When my children were little, I used to take them to the park a few blocks from my house so they could play outside with other kids and get some fresh air. Usually, I took a book and kept one eye on them and the other eye on the pages of the novel. One hot day, I sat under a covered structure, at a picnic table. Beside me were three other moms who were talking about how superior they were to some of their friends, because they were stay-at-home moms and their friends had jobs. They went on and on about how they would never want to miss a moment of their children’s upbringing by working.
That wasn’t the first time I heard those kinds of comments, and it always struck me as stupid. Most women who go through the work of having children want what is best for them, and all strive to be perfect mothers. Sometimes, that may mean working and leaving the children in the care of others. But through the years, I’ve noticed that it’s more than a working-mom vs stay-at-home-mom debate between women. I think we are all being judged all the time as “a good mother” or “a bad mother.” What do we feed our kids? What do we allow them to watch on TV? What do we allow them to wear? Are they polite? Are they well educated? And if the kids fail in any of the areas being silently graded, Mom fails too.
NOT THE PERFECT MOTHER
It’s very likely that the main character in my forthcoming novel, Say You’ll Be Mine, will be judged harshly by many mamis out there. She is not the perfect mother. In fact, she’s not a mother at all. She is a distant relative, a business woman, who suddenly becomes a stand-in mother. Without having the time to prepare, she is thrust into motherhood, pretty much kicking and screaming.
Writing a book about a woman struggling with the role of mami was tough, because, really, who wants to write about a mother who doesn’t adore every child she sees? But in a way it was freeing. Creating this flawed character–a woman who makes dumb mistakes, who is overwhelmed with work and doesn’t know how to set limits for the kids, who fears that her ineptness will bring harm to the children, and ultimately wishes she didn’t have this responsibility–was kind of like putting some of the common fears and worries of motherhood out in the open and saying, we all feel like this sometimes.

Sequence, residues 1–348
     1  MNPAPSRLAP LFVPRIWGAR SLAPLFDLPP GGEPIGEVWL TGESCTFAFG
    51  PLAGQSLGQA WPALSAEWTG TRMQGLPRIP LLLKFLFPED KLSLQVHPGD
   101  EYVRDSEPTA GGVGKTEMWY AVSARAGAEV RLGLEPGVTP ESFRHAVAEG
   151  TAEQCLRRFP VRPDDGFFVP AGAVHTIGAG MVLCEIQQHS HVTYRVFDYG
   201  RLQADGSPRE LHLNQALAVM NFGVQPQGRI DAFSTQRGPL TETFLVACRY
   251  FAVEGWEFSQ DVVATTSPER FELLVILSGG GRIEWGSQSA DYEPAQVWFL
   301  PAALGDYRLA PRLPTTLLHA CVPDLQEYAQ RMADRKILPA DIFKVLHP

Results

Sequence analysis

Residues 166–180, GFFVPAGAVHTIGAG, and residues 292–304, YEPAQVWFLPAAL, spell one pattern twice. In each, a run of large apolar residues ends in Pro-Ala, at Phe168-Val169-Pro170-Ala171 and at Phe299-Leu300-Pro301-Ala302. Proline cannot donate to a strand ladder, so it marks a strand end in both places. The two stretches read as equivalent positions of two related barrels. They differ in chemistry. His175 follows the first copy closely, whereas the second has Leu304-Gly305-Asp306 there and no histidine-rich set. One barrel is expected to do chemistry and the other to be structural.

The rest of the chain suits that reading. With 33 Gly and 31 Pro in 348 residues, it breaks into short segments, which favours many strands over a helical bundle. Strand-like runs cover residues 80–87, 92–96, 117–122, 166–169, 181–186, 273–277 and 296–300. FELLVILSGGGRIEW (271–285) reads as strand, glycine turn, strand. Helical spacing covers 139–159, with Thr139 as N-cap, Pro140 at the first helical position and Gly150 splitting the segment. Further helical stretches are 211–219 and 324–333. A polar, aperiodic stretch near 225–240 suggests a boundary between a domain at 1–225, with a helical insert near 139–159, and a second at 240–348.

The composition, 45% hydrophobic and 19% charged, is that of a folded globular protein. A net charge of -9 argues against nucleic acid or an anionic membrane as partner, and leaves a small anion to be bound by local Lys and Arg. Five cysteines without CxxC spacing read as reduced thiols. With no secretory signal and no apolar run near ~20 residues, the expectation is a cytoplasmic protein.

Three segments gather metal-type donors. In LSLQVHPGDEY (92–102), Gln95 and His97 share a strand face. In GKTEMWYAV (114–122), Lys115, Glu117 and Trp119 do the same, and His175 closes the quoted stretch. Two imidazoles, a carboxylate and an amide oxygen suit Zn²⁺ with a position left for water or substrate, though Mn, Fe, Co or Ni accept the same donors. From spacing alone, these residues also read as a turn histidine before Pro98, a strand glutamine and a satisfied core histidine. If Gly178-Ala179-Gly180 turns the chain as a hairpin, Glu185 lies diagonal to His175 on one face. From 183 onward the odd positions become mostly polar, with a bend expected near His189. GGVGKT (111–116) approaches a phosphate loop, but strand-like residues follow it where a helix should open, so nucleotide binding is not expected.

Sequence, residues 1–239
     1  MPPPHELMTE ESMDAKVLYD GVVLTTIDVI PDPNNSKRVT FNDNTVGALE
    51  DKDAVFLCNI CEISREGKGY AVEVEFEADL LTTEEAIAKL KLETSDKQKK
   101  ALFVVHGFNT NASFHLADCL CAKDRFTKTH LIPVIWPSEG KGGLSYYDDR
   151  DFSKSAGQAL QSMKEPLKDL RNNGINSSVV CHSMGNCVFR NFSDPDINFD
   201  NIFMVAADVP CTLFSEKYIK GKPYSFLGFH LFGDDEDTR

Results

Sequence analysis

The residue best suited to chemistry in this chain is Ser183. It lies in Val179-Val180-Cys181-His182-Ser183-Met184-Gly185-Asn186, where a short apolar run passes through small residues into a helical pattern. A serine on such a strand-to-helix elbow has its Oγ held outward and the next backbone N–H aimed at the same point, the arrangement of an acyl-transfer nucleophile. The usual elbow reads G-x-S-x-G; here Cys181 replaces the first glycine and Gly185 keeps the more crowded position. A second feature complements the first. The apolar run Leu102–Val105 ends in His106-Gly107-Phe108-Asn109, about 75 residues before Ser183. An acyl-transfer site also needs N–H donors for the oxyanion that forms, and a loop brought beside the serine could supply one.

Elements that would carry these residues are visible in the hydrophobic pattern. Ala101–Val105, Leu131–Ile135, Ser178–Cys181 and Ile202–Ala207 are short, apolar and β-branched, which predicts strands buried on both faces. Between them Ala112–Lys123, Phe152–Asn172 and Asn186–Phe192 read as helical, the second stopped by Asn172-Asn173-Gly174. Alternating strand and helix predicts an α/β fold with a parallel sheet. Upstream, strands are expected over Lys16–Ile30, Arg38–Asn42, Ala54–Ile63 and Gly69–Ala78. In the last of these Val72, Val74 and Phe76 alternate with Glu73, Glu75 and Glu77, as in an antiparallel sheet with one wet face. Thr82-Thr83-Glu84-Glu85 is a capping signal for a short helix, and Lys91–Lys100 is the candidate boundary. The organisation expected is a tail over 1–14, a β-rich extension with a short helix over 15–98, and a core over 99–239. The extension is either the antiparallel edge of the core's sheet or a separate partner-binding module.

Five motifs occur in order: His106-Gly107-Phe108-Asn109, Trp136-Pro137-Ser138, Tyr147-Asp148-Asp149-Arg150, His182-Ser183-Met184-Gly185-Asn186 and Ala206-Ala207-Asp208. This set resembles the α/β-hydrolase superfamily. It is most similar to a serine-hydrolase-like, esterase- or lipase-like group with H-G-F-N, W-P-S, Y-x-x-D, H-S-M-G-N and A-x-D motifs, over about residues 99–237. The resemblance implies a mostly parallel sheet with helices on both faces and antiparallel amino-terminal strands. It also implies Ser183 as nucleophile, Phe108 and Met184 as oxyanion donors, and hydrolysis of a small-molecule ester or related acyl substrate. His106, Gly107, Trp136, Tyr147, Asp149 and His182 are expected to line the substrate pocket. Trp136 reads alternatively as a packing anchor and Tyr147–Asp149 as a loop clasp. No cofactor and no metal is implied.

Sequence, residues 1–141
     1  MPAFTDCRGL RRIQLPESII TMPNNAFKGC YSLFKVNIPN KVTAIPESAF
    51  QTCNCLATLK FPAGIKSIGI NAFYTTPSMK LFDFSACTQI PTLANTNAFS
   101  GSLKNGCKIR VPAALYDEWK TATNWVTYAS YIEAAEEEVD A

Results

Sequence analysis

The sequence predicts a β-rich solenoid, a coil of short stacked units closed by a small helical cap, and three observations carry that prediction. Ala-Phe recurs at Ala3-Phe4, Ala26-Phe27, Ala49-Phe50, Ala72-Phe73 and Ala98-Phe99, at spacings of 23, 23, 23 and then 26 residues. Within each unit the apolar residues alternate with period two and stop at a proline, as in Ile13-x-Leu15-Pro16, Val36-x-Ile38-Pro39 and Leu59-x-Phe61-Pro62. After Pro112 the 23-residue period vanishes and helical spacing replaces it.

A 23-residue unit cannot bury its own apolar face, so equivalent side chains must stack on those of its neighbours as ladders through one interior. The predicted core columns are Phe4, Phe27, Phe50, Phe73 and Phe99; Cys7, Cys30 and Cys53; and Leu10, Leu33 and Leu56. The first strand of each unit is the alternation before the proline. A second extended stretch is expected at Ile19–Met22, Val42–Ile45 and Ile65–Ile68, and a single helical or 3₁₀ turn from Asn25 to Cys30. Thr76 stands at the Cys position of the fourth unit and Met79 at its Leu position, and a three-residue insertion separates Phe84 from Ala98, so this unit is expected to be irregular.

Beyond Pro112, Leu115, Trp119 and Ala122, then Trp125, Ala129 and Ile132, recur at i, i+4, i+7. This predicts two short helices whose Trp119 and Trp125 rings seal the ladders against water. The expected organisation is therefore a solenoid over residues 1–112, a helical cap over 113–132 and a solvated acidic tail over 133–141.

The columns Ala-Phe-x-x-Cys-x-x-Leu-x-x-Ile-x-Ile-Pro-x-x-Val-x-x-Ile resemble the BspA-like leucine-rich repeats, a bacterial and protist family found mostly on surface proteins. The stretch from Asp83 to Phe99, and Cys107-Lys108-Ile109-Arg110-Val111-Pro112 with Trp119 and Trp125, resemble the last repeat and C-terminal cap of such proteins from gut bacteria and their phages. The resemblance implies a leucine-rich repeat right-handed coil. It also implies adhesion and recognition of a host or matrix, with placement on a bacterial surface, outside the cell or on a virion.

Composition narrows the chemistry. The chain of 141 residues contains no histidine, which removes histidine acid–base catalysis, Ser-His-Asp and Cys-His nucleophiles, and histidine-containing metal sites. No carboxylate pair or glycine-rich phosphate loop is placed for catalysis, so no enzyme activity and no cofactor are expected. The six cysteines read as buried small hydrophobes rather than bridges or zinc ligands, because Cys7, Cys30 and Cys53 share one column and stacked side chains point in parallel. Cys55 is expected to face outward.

NOT KEEPING ONE’S OWN PROMISES
Before our child is born, we all have a list of the things we will not do. I had mine. My child will not consume tons of sugar, chemicals, and preservatives. I won’t be one of those parents who sits her kid in front of the TV while I do something else. I will not buy my kids cell phones before the age of sixteen. Blah, blah, blah. Little by little, I found myself giving in to pressures from society or the kids themselves, and I did exactly the things I promised I would not.
It started innocently enough. My son played T-ball, and at the end of each practice parents felt compelled to bring sugary or sodium-filled snacks. I could only deny my kid the “treats” so many times, before he decided to have a full-fledged fit out on the ballfield and every parent looked at me like I was a complete nutcase. It’s only a Capri Sun and a bag of Doritos, they seemed to say, jeesh, what’s her problem? So fine, I gave in. That was only the beginning.